China Ends Mystery of Gold Hoard to Top Russia’s Holdings

Copper, Gold And Silver Bullion Manufacture At KGHM Polska Miedz SA Smelting Plant
Bartek Sadowski/Bloomberg

China ended six years of mystery over how much gold it’s hoarding, revealing a 57 percent jump in reserves and overtaking Russia to become the country with the fifth-largest stash of the metal.

“The market has been speculating on the size of China’s gold reserves for years and the central bank has always been reticent until now,” Fu Peng, a portfolio manager at Lianzhan Global Macro Fund Management Co., said by phone from Beijing.

China boosted bullion assets to 53.31 million troy ounces, or about 1,658 metric tons, the People’s Bank of China said in a statement Friday. That’s up from 1,054 tons in 2009, when it last updated the figures. The U.S. has the biggest reserves at 8,133.5 tons, data from the World Gold Council show.

Gold prices were little changed in reaction as the gain was much less than some had reckoned. Bloomberg Intelligence this year estimated a possible tripling to 3,500 tons, based on domestic output, and China Gold Association and trade figures.

“People were expecting that they have bought a lot more,” Mark O’Byrne, executive director of Dublin-based brokerage GoldCore Ltd., said by phone. “That’s why we haven’t seen much of a movement so far today. The big question is whether they now continue buying.”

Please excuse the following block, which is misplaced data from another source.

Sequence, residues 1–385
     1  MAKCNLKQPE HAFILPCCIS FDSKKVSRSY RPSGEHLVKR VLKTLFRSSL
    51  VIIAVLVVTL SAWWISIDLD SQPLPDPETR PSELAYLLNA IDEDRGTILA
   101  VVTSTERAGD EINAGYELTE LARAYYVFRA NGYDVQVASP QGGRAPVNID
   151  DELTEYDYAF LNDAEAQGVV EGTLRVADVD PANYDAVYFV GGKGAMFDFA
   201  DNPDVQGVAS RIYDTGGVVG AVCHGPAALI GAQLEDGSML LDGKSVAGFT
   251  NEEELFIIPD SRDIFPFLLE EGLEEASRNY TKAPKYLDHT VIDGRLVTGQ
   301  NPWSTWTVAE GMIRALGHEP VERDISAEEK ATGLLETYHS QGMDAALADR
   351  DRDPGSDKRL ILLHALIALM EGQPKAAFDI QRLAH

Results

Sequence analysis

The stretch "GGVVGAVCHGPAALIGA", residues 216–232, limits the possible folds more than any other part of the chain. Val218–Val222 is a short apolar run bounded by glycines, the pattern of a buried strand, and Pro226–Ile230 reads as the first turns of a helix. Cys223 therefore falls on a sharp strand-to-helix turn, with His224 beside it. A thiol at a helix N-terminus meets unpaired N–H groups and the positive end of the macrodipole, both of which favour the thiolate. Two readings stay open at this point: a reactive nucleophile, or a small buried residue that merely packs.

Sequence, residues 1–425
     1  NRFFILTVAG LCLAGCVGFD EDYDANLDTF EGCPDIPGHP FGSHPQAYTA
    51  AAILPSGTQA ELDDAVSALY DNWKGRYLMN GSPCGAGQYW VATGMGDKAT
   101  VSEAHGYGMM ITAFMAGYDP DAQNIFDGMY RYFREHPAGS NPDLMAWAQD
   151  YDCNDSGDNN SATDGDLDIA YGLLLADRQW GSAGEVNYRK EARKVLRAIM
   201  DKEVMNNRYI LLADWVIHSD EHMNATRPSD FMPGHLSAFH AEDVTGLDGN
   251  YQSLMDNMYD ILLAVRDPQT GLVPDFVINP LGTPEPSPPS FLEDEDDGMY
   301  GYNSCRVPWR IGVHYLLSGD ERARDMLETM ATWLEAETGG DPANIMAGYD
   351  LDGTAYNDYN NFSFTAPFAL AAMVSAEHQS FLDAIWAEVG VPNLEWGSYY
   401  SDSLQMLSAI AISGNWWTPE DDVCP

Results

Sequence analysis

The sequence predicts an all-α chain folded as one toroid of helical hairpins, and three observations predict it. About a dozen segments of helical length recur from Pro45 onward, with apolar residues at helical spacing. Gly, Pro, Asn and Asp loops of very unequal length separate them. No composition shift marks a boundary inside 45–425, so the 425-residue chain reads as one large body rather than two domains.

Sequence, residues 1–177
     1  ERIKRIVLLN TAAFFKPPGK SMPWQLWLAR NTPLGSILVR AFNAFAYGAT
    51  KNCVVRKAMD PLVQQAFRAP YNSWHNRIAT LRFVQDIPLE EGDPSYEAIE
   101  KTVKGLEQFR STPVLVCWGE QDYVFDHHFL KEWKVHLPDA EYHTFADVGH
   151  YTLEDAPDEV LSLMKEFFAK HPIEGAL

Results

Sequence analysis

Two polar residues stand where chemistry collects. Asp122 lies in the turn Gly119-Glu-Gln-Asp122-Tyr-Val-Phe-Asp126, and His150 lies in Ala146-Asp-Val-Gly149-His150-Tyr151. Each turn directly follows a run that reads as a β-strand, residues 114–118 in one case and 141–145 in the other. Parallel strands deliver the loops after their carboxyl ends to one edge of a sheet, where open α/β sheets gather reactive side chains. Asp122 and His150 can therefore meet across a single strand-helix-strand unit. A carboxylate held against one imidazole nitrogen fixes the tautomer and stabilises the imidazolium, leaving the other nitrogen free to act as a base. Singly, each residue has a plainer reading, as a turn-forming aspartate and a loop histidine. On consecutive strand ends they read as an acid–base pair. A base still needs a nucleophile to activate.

Greater Role

Gold remains a large part of many central banks’ reserves, decades after they stopped using it to back paper money. Stockpiles of the metal help China to diversify its foreign-exchange holdings as the world’s second-largest economy seeks to raise the international profile of its own currency. The disclosure on gold reserves also assists in that goal.

“China is still pushing for a greater role for its currency globally by having full transparency,” Fu said.

Nations have expanded gold holdings in the past few years, a reversal from two decades of selling since the late 1980s. Many central banks remain exposed to a small number of key reserve currencies and look to gold as a hedge against volatile currency movements, according to the World Gold Council.

They will probably buy 400 to 500 tons of the metal this year, it said in May. Russia more than tripled its hoard since 2005 and Kazakhstan raised its every month since October 2012.

Purchases of about 100 tons a year are little more than 2 percent of annual global demand, according to the council.

Gold for immediate delivery lost 0.8 percent to $1,136.66 an ounce by 2:41 p.m. in London, Bloomberg generic pricing shows. It’s down 4 percent this year, near the lowest level since 2010, on speculation the U.S. Federal Reserve will raise interest rates.

When China last gave an update on its holdings, the country said it had bought 454 tons since 2003.

“They’ve added to their reserves for the same purpose as other banks,” Carsten Fritsch, an analyst at Commerzbank AG, said by phone from Frankfurt. “I don’t see why that trend will slow down. I think it will continue into the future at the same pace at least.”